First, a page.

Letter #90

Stoke Hall, Ipswich was Mrs English’s family home. 

‘Poor Gardiner’ was James, brother of the Roche Court sisters, who had died aged about 25.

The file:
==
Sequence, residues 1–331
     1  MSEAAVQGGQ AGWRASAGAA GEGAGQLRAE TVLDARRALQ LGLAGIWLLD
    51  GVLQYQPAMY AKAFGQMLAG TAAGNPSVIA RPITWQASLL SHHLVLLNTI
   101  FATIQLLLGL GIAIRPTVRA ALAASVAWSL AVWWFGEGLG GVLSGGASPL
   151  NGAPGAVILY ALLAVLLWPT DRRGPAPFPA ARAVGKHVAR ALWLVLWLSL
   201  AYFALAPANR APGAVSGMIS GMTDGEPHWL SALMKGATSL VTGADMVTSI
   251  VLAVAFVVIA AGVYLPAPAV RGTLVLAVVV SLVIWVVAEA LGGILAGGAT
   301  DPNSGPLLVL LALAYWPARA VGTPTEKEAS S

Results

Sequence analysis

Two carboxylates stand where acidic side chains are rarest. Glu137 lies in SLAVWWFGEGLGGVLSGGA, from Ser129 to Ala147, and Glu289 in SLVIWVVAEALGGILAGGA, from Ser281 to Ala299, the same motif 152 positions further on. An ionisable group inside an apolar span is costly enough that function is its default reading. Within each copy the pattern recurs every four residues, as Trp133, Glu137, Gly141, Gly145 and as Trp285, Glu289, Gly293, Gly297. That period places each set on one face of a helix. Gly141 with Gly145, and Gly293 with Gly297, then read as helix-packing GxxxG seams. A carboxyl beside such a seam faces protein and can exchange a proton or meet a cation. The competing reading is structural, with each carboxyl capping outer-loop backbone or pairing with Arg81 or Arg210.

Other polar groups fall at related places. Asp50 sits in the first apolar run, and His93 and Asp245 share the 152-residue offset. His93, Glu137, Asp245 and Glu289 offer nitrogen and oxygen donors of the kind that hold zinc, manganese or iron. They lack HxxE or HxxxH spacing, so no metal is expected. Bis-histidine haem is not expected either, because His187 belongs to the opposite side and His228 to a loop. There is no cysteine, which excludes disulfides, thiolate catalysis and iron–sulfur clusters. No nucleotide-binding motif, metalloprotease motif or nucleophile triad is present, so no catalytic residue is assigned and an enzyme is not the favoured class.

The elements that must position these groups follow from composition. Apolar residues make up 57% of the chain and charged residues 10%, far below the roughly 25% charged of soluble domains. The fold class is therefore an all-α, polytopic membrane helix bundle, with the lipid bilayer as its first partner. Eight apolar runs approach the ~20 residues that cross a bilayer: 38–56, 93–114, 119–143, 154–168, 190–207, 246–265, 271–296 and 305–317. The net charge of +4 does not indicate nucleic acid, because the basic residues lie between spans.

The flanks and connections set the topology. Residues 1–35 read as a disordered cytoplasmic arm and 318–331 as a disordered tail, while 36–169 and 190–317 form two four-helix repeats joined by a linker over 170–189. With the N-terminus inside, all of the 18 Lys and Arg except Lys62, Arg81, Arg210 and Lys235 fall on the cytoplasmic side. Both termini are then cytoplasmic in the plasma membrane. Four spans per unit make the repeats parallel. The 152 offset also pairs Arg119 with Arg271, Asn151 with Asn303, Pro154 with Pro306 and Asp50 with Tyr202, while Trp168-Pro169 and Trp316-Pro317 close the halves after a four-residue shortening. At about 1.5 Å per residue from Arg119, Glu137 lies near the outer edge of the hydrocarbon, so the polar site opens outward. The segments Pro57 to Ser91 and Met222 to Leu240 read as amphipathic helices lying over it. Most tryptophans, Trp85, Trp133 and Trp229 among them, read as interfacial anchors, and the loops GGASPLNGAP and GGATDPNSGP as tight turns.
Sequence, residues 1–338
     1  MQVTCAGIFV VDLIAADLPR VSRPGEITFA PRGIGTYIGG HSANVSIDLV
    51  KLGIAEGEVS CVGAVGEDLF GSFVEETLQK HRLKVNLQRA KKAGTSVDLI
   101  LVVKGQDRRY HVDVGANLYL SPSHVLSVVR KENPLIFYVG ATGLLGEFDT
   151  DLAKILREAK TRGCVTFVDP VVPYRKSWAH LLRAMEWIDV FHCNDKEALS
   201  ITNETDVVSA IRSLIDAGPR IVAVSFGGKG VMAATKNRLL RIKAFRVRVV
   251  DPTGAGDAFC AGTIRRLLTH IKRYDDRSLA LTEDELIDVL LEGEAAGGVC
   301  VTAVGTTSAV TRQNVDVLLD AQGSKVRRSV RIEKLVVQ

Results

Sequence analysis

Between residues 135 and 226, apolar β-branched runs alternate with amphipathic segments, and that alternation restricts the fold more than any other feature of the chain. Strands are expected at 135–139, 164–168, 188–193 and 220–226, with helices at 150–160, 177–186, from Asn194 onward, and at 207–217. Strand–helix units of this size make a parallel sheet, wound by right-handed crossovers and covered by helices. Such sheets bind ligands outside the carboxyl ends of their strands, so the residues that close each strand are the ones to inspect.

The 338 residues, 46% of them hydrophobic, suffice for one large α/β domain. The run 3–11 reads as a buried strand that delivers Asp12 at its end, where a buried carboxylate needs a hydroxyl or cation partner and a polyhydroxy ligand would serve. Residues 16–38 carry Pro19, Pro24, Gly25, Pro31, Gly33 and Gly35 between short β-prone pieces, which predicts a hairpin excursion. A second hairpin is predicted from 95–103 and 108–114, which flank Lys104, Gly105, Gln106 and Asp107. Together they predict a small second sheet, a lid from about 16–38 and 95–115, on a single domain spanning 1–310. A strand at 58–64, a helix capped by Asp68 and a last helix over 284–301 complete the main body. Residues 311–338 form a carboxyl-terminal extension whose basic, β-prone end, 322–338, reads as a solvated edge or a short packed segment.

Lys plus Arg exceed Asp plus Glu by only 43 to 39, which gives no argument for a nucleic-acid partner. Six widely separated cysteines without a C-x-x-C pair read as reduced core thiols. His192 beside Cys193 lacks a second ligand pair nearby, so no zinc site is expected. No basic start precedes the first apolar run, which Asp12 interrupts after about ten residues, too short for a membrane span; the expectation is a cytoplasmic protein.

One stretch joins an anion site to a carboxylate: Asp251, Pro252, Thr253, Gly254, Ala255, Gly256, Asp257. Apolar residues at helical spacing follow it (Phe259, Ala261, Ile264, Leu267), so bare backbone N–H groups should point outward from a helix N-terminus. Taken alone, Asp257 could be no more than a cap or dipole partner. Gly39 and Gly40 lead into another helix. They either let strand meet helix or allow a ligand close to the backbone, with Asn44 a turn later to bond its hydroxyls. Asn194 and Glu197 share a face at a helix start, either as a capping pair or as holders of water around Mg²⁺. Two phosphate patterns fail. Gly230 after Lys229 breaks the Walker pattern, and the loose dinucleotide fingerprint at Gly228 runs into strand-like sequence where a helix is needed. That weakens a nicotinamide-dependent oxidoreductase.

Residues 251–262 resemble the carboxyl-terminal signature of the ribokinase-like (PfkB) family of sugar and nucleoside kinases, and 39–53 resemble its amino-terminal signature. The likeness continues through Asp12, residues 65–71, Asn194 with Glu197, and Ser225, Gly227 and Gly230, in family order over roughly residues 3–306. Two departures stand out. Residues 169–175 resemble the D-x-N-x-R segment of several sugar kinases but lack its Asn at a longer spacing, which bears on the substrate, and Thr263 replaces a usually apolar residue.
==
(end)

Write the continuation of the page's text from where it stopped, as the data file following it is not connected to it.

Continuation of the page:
Barbados 14th Nov 37